With WHO aiming to cut the incidence of dengue by at least 25 percent and mortality by at least half by 2020, a number of companies are attempting to create a vaccine. French pharmaceutical giant Sanofi-Pasteur is the most advanced. It recently concluded the third phase of clinical trials for a dengue vaccine that it’s been working on for more than 20 years. The trials involved thousands of children in Asia and South America and showed the vaccine provided protection against all four types of the virus – at varying levels of efficacy. Among young people aged between nine and 16, the vaccine reduced hospitalisation by 80 percent and incidence of severe dengue by 93 percent.
Malaysia’s Doctor Jeyaindran says the government hasn’t yet made a decision on the vaccine but is working closely with WHO on the data. Given the sharp increase in deaths, however, it has drawn up a new set of medical guidelines to help doctors identify the most at-risk patients. Release of the new guidelines is expected in the next couple of weeks. The additional data will also help them understand why some people suffer more serious symptoms.
WHO said the results were “consistent and encouraging,” but expressed some concern at an apparent increased risk of hospitalisation and severe dengue among children under nine who received the vaccine. Sanofi-Pasteur hopes to secure regulatory approvals from some of the worst-affected countries by the end of this year and has sufficient production capacity to produce one billion doses over the next decade.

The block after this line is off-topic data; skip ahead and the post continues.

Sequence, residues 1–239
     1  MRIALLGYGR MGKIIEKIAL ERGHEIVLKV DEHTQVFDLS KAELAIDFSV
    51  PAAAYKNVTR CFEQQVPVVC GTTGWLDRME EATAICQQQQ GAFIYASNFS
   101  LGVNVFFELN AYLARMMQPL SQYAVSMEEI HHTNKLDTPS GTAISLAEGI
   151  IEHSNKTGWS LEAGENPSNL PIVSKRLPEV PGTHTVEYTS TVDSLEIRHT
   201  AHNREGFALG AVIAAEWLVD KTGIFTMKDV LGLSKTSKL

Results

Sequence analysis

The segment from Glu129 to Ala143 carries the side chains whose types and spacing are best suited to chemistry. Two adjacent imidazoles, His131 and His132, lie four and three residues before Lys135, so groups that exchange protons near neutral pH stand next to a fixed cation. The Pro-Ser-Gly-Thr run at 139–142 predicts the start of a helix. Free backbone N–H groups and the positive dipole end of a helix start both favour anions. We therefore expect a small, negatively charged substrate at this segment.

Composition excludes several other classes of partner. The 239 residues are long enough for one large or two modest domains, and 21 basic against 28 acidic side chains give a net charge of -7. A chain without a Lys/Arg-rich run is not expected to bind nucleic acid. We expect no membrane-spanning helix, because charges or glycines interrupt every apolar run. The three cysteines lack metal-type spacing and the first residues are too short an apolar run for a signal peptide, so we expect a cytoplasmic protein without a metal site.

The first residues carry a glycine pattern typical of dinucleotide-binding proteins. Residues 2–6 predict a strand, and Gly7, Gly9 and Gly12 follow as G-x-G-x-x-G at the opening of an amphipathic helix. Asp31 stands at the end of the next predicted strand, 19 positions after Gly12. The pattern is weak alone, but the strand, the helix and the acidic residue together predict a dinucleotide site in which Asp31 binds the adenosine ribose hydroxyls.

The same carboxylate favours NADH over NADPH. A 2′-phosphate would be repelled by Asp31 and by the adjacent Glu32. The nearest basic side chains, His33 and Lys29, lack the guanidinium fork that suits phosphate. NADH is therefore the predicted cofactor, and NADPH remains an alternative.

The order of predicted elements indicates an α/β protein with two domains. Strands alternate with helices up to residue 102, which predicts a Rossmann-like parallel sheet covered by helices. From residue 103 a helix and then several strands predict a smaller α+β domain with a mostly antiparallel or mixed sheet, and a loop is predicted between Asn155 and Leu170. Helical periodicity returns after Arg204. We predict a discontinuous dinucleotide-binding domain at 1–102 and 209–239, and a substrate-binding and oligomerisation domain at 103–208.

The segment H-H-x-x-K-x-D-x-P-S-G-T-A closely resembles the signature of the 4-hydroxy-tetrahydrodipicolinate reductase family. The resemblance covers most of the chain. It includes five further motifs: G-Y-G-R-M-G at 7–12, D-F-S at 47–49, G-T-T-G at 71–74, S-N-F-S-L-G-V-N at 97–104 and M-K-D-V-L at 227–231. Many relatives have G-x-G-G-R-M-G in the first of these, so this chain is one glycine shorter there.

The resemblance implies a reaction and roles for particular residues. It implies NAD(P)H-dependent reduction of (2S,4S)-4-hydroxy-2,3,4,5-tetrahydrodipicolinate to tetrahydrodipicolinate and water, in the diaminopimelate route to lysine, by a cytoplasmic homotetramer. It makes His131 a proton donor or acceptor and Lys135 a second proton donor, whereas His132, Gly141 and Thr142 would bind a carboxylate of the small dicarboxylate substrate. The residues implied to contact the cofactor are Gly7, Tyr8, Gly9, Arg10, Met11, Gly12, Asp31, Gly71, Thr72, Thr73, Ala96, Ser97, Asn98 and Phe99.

But even the vaccine won’t be a silver bullet, according to Baptiste De Clarens, general manager for Sanofi-Pasteur in Malaysia, Brunei and Singapore.
“Singapore has state-of-the-art vector control but still has outbreaks,” he said. “The solution cannot be just one thing. The vaccine, vector control and public awareness are the key elements that must work together to deal with dengue.”
Back at the apartment complex near Kuala Lumpur, the anti-dengue squad discovers mosquito larvae in clogged drains surrounding the basement car park. Water is also leaking from the roof and collecting in dank pools on the floor.
A volunteer drops insecticide into the contaminated water – one more small strike in Malaysia’s war of attrition against the virus.